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Trump, Democrats disagree on scandalous aspect of Flynn resignation

In the wake of the resignation of National Security Adviser Michael Flynn, President Donald Trump has repeatedly asserted that the true scandal is not his staff’s contacts with Russia but instead the intelligence community’s leaks to the media about them.

“The real story here is why are there so many illegal leaks coming out of Washington? Will these leaks be happening as I deal on N.Korea etc?” Trump tweeted Tuesday.

In a series of tweets on Wednesday morning, he claimed that reports about Russian “nonsense” are “fake news” and “merely an attempt to cover-up the many mistakes made in Hillary Clinton's losing campaign.”

He then accused the NSA and the FBI of illegally providing information to the “failing @nytimes & @washingtonpost.” “Just like Russia,” he added.

Prior to his inauguration, Trump compared the intelligence community to “Nazi Germany” because information about classified briefings had leaked.

Rep. Chris Stewart, R-Utah, concurred that potentially illegal leaks for political purposes merit further scrutiny.

“You may like or not like Mr. Trump, but he is our duly elected president,” he said Wednesday. “…To have people within the agencies apparently undermining any president, it’s just completely inappropriate for them to do that.”

Stewart also expressed concern that the leaks have revealed U.S. intelligence-gathering methods, and they could damage the faith politicians and the public have in the intelligence community.

“If the perception is that they’ve become politicized, that’s very bad for us as leaders but it’s also bad for the American people,” he said.

Rep. Bill Johnson, R-Ohio, also criticized those passing secret information to the press.

“In a democracy like ours, it is wrong, it is absolutely wrong and it is destructive to our system of government for unelected bureaucrats to leak such information to the national news media,” he said.

Johnson observed that there are procedures in place for whistleblowers to come forward with information through Congress or an inspector general's office that should be utilized instead.

“Releasing it to the media in a character assassination like was done here, that’s not good for our country,” he said.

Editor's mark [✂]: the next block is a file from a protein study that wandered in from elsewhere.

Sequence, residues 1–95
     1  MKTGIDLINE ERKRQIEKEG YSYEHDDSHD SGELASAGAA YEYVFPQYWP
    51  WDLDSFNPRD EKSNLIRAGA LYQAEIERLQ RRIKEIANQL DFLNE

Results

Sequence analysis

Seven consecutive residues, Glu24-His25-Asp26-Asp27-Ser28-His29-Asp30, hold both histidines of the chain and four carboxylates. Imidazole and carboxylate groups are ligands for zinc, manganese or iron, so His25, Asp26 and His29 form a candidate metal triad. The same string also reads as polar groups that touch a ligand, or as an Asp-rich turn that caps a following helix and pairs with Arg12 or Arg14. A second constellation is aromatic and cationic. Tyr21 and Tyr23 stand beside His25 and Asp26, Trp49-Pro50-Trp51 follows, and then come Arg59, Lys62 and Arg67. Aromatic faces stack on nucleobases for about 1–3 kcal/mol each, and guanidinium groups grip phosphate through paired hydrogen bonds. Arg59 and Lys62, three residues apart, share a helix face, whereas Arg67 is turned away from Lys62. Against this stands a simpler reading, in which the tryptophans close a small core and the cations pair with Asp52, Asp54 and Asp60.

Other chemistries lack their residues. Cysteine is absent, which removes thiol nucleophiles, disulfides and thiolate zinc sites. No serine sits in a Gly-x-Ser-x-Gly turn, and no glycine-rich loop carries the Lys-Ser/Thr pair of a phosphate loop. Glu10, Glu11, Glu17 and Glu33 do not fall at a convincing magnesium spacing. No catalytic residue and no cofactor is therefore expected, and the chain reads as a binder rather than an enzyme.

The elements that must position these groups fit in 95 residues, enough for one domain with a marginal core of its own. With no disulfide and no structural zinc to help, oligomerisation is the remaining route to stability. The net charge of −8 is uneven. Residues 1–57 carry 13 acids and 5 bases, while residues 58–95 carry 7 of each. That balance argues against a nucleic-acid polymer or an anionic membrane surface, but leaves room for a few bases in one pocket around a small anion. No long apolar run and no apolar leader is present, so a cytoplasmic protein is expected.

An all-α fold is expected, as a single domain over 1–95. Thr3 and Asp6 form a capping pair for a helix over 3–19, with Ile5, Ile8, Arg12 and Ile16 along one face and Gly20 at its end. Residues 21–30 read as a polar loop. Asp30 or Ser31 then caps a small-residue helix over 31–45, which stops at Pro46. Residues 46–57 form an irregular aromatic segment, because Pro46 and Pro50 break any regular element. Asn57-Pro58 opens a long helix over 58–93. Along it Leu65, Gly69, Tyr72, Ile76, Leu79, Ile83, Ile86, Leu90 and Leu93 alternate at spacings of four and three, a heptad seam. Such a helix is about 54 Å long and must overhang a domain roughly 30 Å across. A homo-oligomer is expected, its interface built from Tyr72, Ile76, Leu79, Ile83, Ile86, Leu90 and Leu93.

House Democrats were far more concerned about the information revealed by those leaks. Reports on Thursday indicated Trump aides had communications with Russians during the campaign despite their past denials of that.

“I think the American people have a right to know what happened,” said Rep. Ted Deutch, D-Fla.

He and others have issued a bipartisan call for a thorough investigation of Russia’s activities, but he fears House Republican leaders are unwilling to exercise their oversight authority on this president.

“That needs to happen so the American people can have confidence that the decisions being made by this White House aren’t being influenced by Russia’s wants and desires,” he said.

Deutch also questioned Trump’s renewed attacks on the integrity of the intelligence agencies charged with protecting the country.

“I believe the men and women who serve in our intelligence community,” he said.

U.S. intelligence officials believe Russian operatives orchestrated the hacking of email accounts belonging to Democratic National Committee staffers and Hillary Clinton campaign chairman John Podesta in an effort to undermine Clinton’s campaign. Trump frequently praised the release of those documents by WikiLeaks in the weeks before the election.

“Russia is a powerful and dangerous player in the world,” said Rep. Lois Frankel, D-Fla. She argued reported communication between the Trump campaign and Russia merits a full independent investigation.

Frankel also suggested hypocrisy on the part of Republicans who eagerly scrutinized the Obama administration and promised strict oversight of Clinton if she were elected, but who now seem unmotivated to do the same for Trump.

“If this was a Democratic president that was in office and these revelations came out, there wouldn’t be one investigation,” she said. “There’d be nine investigations.”

House Intelligence Committee member Rep. Brad Wenstrup, R-Ohio, acknowledged that some contacts between Flynn and his Russian counterparts may turn out to have been improper, but not enough is known about what was discussed to make that judgment.

“I think we need to drive on, we need to investigate what needs to be investigate in all areas always and let’s move the country forward,” he said. “We have a lot of work to do.”

Rep. Darin LaHood, R-Ill., painted the turmoil of the last week as emblematic of the struggles all new presidents face.

“Anytime you have some leaks its concerning,” he said, “but I’ll also tell you every new administration goes through a bit of a growth period where they have to get their sea legs.”

With a president who is not a politician and Cabinet members with relatively little political experience still working their way through the Senate, he expects some of these issues to resolve themselves in the months ahead.

“There is uncertainty and there is a period of time where you’re going to have to work through this process, and I think the administration is doing that,” LaHood said.

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